Call Today

Help! Why Won't My Pet Eat?

Help! Why Won't My Pet Eat?

            Let’s face it, most pets love food and treats and live to eat, but there are some who are not motivated by food and seem to barely eat enough to live.  Reasons for low appetite vary from normal variations in eating habits to serious illness. Certainly, if your pet has any change in his or her eating behavior, he or she should be checked by your veterinarian. Some pets are just not that excited by food. How can you keep them eating a healthy diet?

            First, start young. Make sure puppies and kittens are offered a balanced diet. Canned food or a combination of canned and dry food is best for cats. Dogs can eat both, but dry kibble is fine for most pups. Expose them to different food textures, especially cats. Patton’s veterinarians do not recommend raw or grain free diets, but further discussion is beyond the scope of this article. Ask about specific dietary recommendations at your next visit if you have questions. We do recommend Purina, Iams/Eukanuba, Hill’s Science Diet and Royal Canin as good brands. Treats can be used for training and occasional rewards, but should make up no more than 10% of a pet’s diet and table foods should be limited.

            What might cause your pet to snub his food? Common medical reasons for decreased appetite include: anxiety or stress, nausea, dental/tooth issues, underlying diseases such as gastrointestinal disorders, cancer, any condition causing nausea, toxins, intestinal blockage and aging changes. Some dogs and cats prefer only certain textures and flavors and appetite can also wax and wane depending on the pet’s activity level.  Occasionally, the issue is with the food itself such as stale or spoiled food.

Most pets eat 2-3 times a day, but some dogs and cats only eat once a day or may even skip a day, especially older pets. This is not usually a concern unless your pet skips multiple meals or his pattern of eating changes.

When introducing a new diet, offer 2 separate bowls, one with the current diet and one with the new diet. Gradually remove the old food until the only choice is to eat the new diet. Some pets are quite stubborn and may initially refuse to eat. If the pet is healthy and otherwise acting normal with normal energy level, no vomiting or diarrhea and is still drinking water, it is OK if she doesn’t eat for several days when transitioning to a new diet. A pet will not starve itself, and nearly all pets will eat the food available after 2-5 days. Even if they don’t love it, the pet will likely start to eat if there is no other choice. If your pet holds out for 5 days or more, or your pet seems ill, you may need to offer an alternative and/or have him seen by your veterinarian.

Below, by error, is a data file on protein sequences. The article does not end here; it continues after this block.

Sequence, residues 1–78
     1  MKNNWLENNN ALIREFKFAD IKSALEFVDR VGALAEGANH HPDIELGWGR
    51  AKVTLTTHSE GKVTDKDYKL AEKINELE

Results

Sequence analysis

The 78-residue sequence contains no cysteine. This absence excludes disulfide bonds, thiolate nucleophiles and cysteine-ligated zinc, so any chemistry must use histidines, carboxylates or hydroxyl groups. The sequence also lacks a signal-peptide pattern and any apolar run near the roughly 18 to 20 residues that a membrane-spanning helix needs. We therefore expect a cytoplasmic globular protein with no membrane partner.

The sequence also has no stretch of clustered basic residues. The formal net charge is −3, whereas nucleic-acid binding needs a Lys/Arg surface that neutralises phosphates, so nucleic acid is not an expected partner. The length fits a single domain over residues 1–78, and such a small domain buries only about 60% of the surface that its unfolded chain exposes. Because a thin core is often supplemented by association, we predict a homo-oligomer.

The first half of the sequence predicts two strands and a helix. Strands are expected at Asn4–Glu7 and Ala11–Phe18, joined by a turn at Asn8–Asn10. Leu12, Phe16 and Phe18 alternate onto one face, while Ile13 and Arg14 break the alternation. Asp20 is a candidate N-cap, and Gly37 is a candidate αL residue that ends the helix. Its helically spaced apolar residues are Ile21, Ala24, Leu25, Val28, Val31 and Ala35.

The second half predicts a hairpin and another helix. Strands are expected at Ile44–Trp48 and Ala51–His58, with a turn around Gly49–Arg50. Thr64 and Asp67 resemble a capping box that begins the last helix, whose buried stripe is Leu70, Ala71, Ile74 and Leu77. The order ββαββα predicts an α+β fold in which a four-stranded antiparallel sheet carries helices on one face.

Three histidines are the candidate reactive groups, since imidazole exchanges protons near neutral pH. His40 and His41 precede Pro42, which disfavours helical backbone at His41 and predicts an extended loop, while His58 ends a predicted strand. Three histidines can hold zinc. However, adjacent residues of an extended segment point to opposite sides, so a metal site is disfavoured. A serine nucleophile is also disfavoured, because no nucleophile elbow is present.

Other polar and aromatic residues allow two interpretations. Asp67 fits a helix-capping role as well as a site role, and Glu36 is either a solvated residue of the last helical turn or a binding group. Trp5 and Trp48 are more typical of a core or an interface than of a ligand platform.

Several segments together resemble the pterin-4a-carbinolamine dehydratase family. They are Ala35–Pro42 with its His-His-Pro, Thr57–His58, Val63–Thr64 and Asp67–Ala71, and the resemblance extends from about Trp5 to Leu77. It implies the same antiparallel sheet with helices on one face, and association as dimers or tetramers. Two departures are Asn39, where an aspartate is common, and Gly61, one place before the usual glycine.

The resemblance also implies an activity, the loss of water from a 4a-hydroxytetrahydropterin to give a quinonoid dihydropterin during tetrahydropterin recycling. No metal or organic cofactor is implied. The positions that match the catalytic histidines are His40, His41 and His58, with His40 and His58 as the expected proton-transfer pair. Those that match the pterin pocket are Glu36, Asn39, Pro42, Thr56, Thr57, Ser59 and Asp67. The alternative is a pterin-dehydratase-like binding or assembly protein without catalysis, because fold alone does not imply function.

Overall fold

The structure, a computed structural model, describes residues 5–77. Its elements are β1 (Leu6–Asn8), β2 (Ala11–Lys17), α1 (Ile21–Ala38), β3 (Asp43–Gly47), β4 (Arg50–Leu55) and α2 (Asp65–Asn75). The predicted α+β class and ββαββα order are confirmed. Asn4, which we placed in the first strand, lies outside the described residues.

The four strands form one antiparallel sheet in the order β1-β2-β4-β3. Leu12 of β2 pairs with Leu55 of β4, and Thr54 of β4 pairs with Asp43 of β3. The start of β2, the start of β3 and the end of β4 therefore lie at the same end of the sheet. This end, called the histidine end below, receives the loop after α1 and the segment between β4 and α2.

Don’t use your pet’s normal diet to hide medications--the smell or taste may prevent your pet from wanting to eat. It is OK to disguise medications in other foods such as peanut butter or baby food.  Stick with one or two types of food and do not be too quick to change diets or offer multiple flavors or varieties if your puppy or kitten does not immediately dive into her food or if your pet is no longer interested in his current diet. Offering multiple varieties or adding foods like chicken or cheese to the food to tempt a pet to eat can create picky pets or may cause multiple food aversions making it more and more difficult to find a food that the pet will eat regularly.

            Limit stress at feeding time. If pets eat together, sometimes they may see each other as competition and older or more submissive pets may get pushed out of their food bowls by more enthusiastic eaters. Supervise or feed separately if needed. If a pet seems stressed or has been ill, she may no longer want to eat in her normal area or from her normal bowl.  Offering food in another room and in a different bowl or plate may encourage a pet to eat.  Adding low sodium broth, warming the food or adding a probiotic may tempt a pet to eat as well.

            Poor appetite is a common issue for many pets and can be caused by stress, age, behavioral changes or medical conditions. Healthy pets can go a few days without eating but have your pet checked if the tips above don’t spark his appetite or if your pet is acting sick.

            This blog brought to you by the Patton Veterinary Hospital serving Red Lion, York and the surrounding communities.